“My dad was a big NRA member and gun proponent,” he says. “He had lots of friends who were with the sheriffs, and we’d go out into the desert in California and shoot.” He turns almost wistful for a second. “Now the desert is all houses.”
Jesse James has been a lot of things over the years: hamburger-stand operator, motorcycle customizer and proprietor of West Coast Choppers, reality-television star, tabloid villain, and, now, gunsmith and Texas transplant, one among the exodus of Californians who have landed in the Lone Star State to something short of universal acclaim. A fair number of them have brought their politics to Austin from Palo Alto or wherever it was they couldn’t afford to live anymore, and the locals dread the Californication of Texas.
Jesse James, on the other hand, fits in pretty well.
“In 2010, my buzzer went off on California,” he says. He’d been living part-time in Austin since 2004, operating a motorcycle shop there. Eventually, California’s suffocating political and social atmosphere became too much, and he decamped to Texas for good. Moving Day in the Jesse James household is something else: “The amount of stuff you accumulate in two decades is amazing,” he says. He doesn’t mean tennis rackets and hedge clippers. “We had 17 semitrucks full of equipment.”
California isn’t what it used to be, and it’s not just all those stucco three-twos littering the formerly wide-open spaces of the Mojave Desert. The wide-open spirit that once attracted to the West Coast characters ranging from Jack Kerouac to Ronald Reagan has long since been supplanted by the tepid and sanctimonious spirit of progressive nanny-statism, oppressive taxes, endless regulation and Thou Shalt Nots, and the generally dreadful project of trying to convert a glorious strip of the formerly Wild West into Norway with nicer weather. Reagan may have won California in 1984, but, in the end, it was the Miracle Whip–on–Wonder Bread spirit of Walter Mondale that prevailed. Even Sonny Bono couldn’t win an election in the Coachella Valley today.
And nowhere does the shadow of Nurse Ratched fall more darkly in California than on firearms, the right to keep and bear them, and, most important, the class of people inclined to do so.
“The gun regulation — I didn’t even realize how bad it was until I moved to Texas,” James says. “I was like: Whoa. It happened when I was in high school, but I wasn’t paying attention.” For much of his time in California, James’s experience with firearms was a lot like that of any other California-based celebrity: the Hollywood version. “We rented a lot of guns for filming Monster Garage,” the reality show in which teams of colorful characters worked to create unlikely mechanical monstrosities, e.g., turning a DeLorean into a hovercraft. Unsuccessful projects were dispatched with dynamite, tank treads, and, on occasion, gunfire. “Full autos, .50-calibers.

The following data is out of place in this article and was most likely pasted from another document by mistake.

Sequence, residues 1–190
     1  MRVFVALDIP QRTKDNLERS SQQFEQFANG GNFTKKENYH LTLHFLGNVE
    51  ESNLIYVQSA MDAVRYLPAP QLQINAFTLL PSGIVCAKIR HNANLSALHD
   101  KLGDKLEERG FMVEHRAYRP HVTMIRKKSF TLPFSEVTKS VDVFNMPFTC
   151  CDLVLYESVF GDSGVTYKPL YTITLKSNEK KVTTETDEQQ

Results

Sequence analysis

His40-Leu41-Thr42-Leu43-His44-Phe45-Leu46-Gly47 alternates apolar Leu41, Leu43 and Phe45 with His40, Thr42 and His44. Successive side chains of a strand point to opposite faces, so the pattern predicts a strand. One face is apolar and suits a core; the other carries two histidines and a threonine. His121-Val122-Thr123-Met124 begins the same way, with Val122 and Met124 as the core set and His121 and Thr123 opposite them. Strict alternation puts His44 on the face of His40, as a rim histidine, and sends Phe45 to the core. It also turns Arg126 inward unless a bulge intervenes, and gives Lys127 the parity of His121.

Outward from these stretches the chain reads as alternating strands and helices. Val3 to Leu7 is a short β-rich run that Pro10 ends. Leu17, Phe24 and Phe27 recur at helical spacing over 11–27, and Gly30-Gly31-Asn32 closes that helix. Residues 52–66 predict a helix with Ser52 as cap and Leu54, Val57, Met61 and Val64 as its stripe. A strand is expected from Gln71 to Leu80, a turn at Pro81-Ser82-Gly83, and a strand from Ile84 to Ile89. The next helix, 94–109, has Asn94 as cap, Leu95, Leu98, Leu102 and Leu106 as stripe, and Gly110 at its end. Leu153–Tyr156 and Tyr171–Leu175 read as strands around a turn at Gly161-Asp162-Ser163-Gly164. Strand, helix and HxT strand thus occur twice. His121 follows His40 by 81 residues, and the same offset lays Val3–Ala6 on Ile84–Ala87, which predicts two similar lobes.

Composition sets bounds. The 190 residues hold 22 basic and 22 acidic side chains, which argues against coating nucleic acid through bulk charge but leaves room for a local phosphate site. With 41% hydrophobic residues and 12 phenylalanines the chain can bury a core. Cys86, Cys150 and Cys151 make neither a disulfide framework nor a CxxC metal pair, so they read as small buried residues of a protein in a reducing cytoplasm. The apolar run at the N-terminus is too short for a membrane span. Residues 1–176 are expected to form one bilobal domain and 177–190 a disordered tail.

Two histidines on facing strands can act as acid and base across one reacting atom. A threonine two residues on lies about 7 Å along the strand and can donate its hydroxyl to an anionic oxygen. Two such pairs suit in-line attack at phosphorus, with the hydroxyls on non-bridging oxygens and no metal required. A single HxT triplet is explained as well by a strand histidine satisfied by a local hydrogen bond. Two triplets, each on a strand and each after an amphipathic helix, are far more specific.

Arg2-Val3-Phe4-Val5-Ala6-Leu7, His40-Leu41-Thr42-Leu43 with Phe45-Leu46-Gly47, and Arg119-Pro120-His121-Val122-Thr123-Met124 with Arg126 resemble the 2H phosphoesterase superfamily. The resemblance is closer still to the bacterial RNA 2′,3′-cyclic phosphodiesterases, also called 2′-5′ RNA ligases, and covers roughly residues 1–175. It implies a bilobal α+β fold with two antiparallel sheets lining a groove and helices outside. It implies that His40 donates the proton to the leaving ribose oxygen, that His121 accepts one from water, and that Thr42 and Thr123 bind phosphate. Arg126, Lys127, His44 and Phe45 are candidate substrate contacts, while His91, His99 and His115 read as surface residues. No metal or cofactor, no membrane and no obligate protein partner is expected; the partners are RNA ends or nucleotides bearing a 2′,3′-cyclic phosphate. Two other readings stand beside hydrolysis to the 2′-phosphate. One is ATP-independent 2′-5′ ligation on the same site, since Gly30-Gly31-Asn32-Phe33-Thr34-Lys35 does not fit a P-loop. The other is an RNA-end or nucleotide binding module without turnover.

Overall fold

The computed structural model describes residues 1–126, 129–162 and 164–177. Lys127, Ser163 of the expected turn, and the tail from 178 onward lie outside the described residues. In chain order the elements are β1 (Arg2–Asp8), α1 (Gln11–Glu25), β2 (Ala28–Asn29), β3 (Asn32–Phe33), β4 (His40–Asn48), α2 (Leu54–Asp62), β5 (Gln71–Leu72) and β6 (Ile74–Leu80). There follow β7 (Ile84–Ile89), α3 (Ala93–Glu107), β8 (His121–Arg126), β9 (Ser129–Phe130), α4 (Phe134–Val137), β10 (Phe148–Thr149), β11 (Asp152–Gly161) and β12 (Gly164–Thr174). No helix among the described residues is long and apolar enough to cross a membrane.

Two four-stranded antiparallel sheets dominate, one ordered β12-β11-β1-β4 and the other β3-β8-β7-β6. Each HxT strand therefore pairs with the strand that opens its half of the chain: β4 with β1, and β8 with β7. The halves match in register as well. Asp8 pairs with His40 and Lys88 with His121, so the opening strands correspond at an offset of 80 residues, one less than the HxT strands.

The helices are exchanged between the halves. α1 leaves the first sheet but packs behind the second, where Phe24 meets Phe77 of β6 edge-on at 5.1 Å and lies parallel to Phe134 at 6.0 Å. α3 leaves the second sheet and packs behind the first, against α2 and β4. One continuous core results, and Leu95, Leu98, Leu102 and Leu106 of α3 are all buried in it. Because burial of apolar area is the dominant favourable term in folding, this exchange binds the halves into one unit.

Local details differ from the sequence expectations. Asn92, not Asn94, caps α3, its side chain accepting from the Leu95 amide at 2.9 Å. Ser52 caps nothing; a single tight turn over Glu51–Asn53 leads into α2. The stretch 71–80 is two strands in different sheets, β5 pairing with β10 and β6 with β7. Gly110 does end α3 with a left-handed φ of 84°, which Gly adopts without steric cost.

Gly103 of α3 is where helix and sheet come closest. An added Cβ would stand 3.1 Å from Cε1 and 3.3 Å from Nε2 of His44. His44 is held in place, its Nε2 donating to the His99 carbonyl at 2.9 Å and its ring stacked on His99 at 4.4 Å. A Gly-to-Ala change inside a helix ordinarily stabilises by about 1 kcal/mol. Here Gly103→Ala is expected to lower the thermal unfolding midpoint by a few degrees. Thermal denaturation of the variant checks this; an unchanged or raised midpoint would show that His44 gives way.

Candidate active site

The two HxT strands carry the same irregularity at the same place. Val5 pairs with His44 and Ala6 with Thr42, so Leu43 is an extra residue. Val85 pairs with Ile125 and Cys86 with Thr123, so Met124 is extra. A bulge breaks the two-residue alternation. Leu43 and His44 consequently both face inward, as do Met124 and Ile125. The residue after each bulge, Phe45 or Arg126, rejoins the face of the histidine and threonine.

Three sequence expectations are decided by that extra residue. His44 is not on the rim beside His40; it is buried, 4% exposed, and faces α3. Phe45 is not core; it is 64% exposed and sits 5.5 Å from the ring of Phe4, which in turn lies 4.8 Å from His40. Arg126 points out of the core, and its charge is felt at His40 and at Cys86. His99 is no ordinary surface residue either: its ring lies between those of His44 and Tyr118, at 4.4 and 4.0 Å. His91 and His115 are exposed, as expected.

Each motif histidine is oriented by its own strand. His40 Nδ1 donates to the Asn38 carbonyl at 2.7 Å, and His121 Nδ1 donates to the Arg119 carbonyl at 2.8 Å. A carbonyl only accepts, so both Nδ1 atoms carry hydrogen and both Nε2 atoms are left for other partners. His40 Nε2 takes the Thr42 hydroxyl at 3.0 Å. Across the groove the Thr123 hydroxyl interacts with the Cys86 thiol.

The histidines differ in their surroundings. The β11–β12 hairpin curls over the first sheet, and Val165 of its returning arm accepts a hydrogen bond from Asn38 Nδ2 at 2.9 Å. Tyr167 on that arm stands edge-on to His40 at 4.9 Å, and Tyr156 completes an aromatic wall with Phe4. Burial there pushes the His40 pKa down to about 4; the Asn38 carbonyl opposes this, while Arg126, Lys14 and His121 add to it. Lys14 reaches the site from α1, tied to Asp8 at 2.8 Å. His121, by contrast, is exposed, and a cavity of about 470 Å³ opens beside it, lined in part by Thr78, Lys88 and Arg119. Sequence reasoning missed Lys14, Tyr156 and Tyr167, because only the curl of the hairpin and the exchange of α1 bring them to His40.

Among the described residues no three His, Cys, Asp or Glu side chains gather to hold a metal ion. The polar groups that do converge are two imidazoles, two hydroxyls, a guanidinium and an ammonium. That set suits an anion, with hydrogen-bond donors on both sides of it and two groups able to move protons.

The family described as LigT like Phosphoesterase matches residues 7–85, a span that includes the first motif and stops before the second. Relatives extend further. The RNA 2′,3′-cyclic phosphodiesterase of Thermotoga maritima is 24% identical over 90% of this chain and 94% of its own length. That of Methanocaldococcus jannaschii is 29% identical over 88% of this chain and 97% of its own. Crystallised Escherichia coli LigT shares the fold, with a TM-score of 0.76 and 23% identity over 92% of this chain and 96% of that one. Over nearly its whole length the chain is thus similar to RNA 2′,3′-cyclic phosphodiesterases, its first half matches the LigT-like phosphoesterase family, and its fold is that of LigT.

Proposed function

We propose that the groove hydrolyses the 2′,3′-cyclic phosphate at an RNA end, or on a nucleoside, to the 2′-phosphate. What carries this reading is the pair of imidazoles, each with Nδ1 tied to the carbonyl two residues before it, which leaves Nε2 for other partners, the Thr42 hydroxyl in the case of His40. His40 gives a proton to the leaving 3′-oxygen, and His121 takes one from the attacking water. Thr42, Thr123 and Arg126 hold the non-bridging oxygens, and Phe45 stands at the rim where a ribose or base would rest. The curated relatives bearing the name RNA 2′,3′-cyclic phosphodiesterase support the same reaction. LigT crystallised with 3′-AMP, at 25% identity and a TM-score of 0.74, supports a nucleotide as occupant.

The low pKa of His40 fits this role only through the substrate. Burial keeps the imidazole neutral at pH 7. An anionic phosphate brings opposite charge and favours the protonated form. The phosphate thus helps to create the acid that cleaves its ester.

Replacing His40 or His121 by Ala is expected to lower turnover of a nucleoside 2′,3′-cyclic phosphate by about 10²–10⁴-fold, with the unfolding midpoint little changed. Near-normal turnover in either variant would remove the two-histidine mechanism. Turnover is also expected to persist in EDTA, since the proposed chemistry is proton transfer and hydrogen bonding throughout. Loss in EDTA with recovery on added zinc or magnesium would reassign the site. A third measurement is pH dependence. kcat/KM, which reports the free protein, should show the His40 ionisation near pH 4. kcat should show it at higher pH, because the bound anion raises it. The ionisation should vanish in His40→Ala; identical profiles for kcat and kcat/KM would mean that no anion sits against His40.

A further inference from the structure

But I didn’t realize what it was really like until I bought an AR-15 in the 1990s and it was this weird composite breech-loading thing.” California law requires that AR-style rifles have fixed magazines rather than detachable and swappable ones, which more or less defeats the purpose of an AR. “It kind of made me mad,” he says. And his interest in gunsmithing? “It kind of found me.”
Unlike motorcycles or monster mutant cars, guns become family heirlooms, meaningful in a way that few other things are. “I’ll always build bikes and cars. But a motorcycle is just like a boat. You can sell it on Craigslist. Guns are a personal thing. It provides protection for you and your family, and that gives it a higher meaning. You’re not going to think about showing it off this weekend, but about two generations from now. And that seems more important than motorcycles.”
James says that when he decided to get into the gun business, some people assumed he was simply after a paycheck, looking to slap his famous name on someone else’s product. Instead, he undertook a serious course of study, spending time in the shop of master pistol-smith Jim Garthwaite in Pennsylvania. Welding, machining, lathing: not exactly new ground for him.
Jesse James is in many ways emblematic of the enduring but evolving gun culture of the United States. It’s a bright spot in the manufacturing economy, from old-line mass-market companies to low-volume artisanal shops. Once a primarily rural and blue-collar pursuit, the U.S. gun industry has gone urban and upscale: One of James’s more notable creations — a 1911-style automatic pistol hand-forged out of Damascus steel and incorporating a bit of metal taken from the Statue of Liberty during a restoration project — would set you back just a smidgen less than a top-of-the-line Mercedes sedan. Recreational shooting was once mainly about hunting, but today there are many thousands of American firearms that have never had a whitetail in their sights.